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  • S-Corp distribution tax rate

    I’m in the process of converting my LLC (single member) to filing as an S-Corp. I’m confused about how distributions are taxed. I’ve read on several blogs that the tax savings on distributions is 15.3% due to exemption from self-employment tax, but on WCI S-Corp articles the tax benefits are said to be 3.8% on distributions. I think this is also the number my CPA quoted. Can anyone speak to this discrepancy? Any insight would be appreciated!

  • #2
    It’s a little complicated, but you’ll pay FICA tax of 15.3% on the 1st $142,800 in earned income (i.e. wages from your S-corp) and 3.8% on earned income above that amount. Most s-corp owners pay themselves at least enough to maximize their solo-k contributions (don’t let your CPA talk you into a SEP IRA), which is above the $142,800 wage base. In this case, distributions will save you the 3.8% Medicare tax part of FICA (the other part is the SS tax of 12.4% on the 1st $142,800.

    I won’t get into other advice about how to structure your income, you have a CPA for that. But I will advise that it may not be a good idea to form an s-corp below ~$400k net income (including your salary but after other deductions) and even higher if you’re in CA or TN. Of course, some physicians are required to form s-corps to belong in certain groups, and it is not a choice.

    Good luck and welcome to the forum!
    Our passion is protecting clients and others from predatory advisors. Fox & Co CPAs, Fox & Co Wealth Mgmt. 270-247-6087

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    • #3
      Minor point, self-employed Medicare taxes are only 2.9%.

      The additional 0.9% Medicare surtax doesn't apply until earned income is > ($200K S/$250K MFJ). It is not part of SE taxes.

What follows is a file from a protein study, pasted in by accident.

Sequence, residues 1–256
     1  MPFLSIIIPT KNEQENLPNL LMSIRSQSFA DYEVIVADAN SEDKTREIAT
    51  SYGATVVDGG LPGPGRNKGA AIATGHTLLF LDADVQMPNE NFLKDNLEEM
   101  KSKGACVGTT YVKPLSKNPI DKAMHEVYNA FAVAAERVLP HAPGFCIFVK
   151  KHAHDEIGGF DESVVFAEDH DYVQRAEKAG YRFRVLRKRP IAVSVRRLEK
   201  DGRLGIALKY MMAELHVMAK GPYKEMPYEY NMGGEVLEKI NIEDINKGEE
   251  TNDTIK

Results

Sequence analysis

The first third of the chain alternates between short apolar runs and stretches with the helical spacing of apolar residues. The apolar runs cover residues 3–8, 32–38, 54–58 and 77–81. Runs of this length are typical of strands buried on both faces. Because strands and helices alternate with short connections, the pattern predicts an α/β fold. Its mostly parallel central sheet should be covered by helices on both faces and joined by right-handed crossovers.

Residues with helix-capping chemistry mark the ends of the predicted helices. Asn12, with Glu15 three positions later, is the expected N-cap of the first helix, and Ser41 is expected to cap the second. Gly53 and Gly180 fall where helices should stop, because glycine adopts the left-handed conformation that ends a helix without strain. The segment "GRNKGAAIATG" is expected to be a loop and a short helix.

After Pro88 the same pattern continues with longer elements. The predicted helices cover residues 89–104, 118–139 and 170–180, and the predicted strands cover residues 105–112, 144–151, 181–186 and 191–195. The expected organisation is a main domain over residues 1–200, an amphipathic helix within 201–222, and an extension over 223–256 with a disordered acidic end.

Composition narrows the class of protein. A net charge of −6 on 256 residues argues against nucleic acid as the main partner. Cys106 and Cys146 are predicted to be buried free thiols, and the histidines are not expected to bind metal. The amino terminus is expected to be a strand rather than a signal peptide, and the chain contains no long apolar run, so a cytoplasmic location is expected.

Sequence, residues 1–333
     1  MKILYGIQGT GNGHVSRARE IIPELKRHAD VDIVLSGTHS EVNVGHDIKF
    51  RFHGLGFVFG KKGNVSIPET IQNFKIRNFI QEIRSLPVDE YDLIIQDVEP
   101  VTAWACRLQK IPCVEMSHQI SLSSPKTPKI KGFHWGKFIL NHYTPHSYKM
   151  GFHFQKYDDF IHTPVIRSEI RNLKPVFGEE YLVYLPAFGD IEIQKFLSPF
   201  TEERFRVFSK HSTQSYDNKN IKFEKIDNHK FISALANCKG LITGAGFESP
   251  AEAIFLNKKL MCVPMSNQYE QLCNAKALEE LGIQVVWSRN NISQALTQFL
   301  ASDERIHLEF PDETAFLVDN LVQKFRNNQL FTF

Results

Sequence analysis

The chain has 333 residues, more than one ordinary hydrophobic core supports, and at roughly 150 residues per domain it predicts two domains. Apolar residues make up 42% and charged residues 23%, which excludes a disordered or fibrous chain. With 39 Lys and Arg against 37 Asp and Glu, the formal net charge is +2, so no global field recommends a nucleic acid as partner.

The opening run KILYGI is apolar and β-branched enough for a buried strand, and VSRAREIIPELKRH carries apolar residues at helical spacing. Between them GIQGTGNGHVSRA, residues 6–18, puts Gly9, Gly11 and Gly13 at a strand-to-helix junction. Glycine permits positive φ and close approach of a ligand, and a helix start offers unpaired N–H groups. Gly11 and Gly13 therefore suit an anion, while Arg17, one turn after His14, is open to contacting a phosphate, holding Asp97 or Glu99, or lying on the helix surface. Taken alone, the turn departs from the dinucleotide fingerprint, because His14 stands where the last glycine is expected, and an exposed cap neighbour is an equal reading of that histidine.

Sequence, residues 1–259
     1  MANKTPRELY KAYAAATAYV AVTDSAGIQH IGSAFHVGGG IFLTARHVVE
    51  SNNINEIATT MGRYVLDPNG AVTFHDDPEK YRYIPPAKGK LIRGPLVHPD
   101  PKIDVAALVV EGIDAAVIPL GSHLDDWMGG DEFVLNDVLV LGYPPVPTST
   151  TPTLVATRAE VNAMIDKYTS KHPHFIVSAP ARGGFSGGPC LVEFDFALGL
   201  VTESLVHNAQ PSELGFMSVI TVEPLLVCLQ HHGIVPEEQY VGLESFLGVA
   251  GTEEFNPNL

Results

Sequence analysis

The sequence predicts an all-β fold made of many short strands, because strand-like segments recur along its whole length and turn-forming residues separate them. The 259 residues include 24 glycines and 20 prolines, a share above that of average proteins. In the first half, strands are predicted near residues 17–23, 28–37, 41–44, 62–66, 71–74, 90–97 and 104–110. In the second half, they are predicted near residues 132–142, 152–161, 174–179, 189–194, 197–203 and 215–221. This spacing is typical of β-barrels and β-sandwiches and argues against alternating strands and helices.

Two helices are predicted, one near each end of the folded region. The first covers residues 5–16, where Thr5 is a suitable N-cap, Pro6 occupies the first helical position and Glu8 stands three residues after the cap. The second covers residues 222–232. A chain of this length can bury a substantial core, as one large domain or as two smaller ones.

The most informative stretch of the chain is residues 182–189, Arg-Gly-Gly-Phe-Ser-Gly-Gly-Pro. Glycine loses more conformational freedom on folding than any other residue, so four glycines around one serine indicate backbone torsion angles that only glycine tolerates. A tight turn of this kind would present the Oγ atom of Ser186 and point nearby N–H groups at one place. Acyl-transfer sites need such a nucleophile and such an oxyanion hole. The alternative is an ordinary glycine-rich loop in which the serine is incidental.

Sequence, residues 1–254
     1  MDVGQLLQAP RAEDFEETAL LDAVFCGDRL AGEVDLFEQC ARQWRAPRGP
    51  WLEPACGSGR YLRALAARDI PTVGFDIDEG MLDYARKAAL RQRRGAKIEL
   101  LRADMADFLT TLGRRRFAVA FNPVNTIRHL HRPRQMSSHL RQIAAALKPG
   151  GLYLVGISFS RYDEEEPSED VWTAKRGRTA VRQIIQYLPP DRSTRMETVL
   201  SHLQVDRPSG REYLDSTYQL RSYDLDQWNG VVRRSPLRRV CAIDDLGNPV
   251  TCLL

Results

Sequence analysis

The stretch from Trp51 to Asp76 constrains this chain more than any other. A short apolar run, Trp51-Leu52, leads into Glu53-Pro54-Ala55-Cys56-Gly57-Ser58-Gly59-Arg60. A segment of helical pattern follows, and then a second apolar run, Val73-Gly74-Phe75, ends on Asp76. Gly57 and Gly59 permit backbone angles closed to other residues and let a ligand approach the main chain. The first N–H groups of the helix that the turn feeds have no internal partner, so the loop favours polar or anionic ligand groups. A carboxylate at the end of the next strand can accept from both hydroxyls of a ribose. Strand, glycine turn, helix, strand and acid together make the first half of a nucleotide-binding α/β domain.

Also, is the LLC your sole means of earned income or is it in addition to other W-2 wages? If the latter and W-2 wages will be > $142,800. Electing to treat the LLC as an S-Corp will most likely be counter-productive.

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      • #4
        Thank you for your responses!

        The LLC is my sole means of income. I expect my net income to be around 250K.

        So, if I understand correctly - I will still be taxed 12.4% on the first $142K of distributions?? This doesn’t make the tax savings on distributions all that great.

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        • #5
          Originally posted by spiritrider View Post
          Minor point, self-employed Medicare taxes are only 2.9%.

          The additional 0.9% Medicare surtax doesn't apply until earned income is > ($200K S/$250K MFJ). It is not part of SE taxes.

          Also, is the LLC your sole means of earned income or is it in addition to other W-2 wages? If the latter and W-2 wages will be > $142,800. Electing to treat the LLC as an S-Corp will most likely be counter-productive.
          Thank you lol. Of course, I knew that - I guess it was too early and the amount he provided imprinted on me.
          Our passion is protecting clients and others from predatory advisors. Fox & Co CPAs, Fox & Co Wealth Mgmt. 270-247-6087

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          • #6
            Originally posted by Jospok View Post
            Thank you for your responses!

            The LLC is my sole means of income. I expect my net income to be around 250K.

            So, if I understand correctly - I will still be taxed 12.4% on the first $142K of distributions?? This doesn’t make the tax savings on distributions all that great.